Substantial evidence supported a jury’s verdict that clothing retailers Urban Outfitters, Inc., and Century 21 Department Stores, LLC (collectively, "Urban") willfully infringed a copyrighted fabric design owned by Unicolors, Inc., the U.S. Court of Appeals in San Francisco has held. The evidence showed that Urban acted with reckless disregard for the possibility that the fabric it sampled was protected by copyright. In addition, the Ninth Circuit affirmed the district court’s findings on summary judgment that the works were substantially similar as a matter of law, given that the parties’ respective works were near duplicates. The district court did not err in concluding that Unicolors had validly registered its fabric design as part of a collection (Unicolors, Inc. v. Urban Outfitters, Inc., April 3, 2017, Orrick, H.).
Asserted fabric design. Unicolors designs and sells fabrics to customers in the apparel industry. In September 2008, Unicolors purchased the IP rights to a work named "QQ-692," created by Milk Print, LLC. Using drafting utility software, Unicolors reformatted and slightly changed the QQ-692 design so that it could be printed onto bolts of fabric. Unicolors named the derivative design "PE1130" and included the design in a collection called "Flower 2008," which it registered as a collective work.
Infringement suit. In late 2010, Urban developed a women’s dress with a fabric design similar to the Unicolors design. Unicolors sued Urban for copyright infringement. The district court granted Unicolors’s motion for summary judgment on the issue of copyright infringement. After a two-day trial, a jury found Urban liable for willful infringement. The jury awarded Unicolors $164,400 in damages, and the district court granted Unicolors $366,910 in fees and costs. Urban appealed, arguing that the district court erred in its application of the subjective "intrinsic test" and in its conclusion that Unicolors had validly registered the design. Urban also argued that the jury’s verdict of willful infringement was not supported by substantial evidence.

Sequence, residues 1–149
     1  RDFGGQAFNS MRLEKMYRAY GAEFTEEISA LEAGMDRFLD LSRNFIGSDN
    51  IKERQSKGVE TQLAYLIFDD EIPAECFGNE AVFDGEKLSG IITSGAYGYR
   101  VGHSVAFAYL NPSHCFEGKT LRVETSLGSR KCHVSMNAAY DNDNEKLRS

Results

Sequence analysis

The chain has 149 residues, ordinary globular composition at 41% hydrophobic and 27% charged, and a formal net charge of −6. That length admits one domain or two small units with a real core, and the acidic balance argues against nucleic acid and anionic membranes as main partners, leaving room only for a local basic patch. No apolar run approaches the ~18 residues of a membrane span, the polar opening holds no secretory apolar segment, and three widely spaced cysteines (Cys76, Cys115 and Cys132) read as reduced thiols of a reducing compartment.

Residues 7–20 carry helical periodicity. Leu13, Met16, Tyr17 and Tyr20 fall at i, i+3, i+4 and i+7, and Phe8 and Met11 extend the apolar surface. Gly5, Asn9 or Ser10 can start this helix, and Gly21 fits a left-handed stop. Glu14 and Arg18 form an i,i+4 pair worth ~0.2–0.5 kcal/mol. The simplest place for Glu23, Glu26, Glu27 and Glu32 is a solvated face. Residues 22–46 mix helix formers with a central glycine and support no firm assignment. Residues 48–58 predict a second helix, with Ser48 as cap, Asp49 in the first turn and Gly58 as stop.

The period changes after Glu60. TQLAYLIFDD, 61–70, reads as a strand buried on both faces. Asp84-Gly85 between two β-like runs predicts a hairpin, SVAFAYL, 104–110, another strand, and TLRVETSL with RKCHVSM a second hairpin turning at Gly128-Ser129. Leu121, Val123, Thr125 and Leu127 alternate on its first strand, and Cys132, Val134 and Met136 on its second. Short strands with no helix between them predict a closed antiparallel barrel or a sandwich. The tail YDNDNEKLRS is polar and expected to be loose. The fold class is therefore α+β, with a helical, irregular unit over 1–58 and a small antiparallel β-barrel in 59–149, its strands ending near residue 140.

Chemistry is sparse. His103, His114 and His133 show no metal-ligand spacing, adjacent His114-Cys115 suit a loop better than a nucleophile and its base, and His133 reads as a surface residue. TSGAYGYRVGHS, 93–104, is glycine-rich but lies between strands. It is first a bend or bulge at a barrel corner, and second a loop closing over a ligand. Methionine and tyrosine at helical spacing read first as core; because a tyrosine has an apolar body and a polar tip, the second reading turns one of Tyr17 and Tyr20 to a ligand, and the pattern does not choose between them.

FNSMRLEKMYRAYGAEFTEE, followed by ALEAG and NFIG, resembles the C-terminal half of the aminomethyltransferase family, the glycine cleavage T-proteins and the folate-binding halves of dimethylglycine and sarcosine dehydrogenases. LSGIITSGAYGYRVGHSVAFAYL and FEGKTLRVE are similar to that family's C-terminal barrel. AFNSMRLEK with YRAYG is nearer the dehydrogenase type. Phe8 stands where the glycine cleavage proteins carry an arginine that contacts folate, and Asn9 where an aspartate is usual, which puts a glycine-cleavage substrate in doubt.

Substantial similarity. In assessing whether works are substantially similar, or strikingly similar, for the purpose of determining the copying element of an infringement claim, the Ninth Circuit applies a two-part analysis: the extrinsic test and the intrinsic test. The extrinsic test requires a showing that concrete elements of the work overlap, based on objective criteria. The intrinsic test is subjective and asks whether an ordinary person would find the "total concept and feel" of the works to be substantially similar. Summary judgment is disfavored for the intrinsic test, except when works are so overwhelmingly identical that the possibility of independent creation is precluded.
Unicolors conceded that it could not prove that Urban had access to its copyrighted design, but it argued that the district court could grant summary judgment due to the striking similarity of the parties’ works. The district court observed that the two designs both featured nearly identical arrangements of splayed floral or feather motifs. Any slight differences between the works appeared to be artifacts from imperfect copying of the fabric, or simply minor modifications. Based on this striking similarity, the district court concluded that the accused dress was substantially similar to the asserted design.
The Ninth Circuit affirmed. This was a case in which the works at issue were so overwhelmingly identical that summary judgment of copying was warranted. "The objective similarities between the works are stark," the appellate court said. "The shapes, motifs, arrangements, spacing, and colors of the images in each design are nearly identical." No reasonable juror could conclude that the works were not substantially similar in total concept and feel. Even without proof of access, the striking similarity shown in this case gave rise to a permissible inference of copying, given the complexity of the works.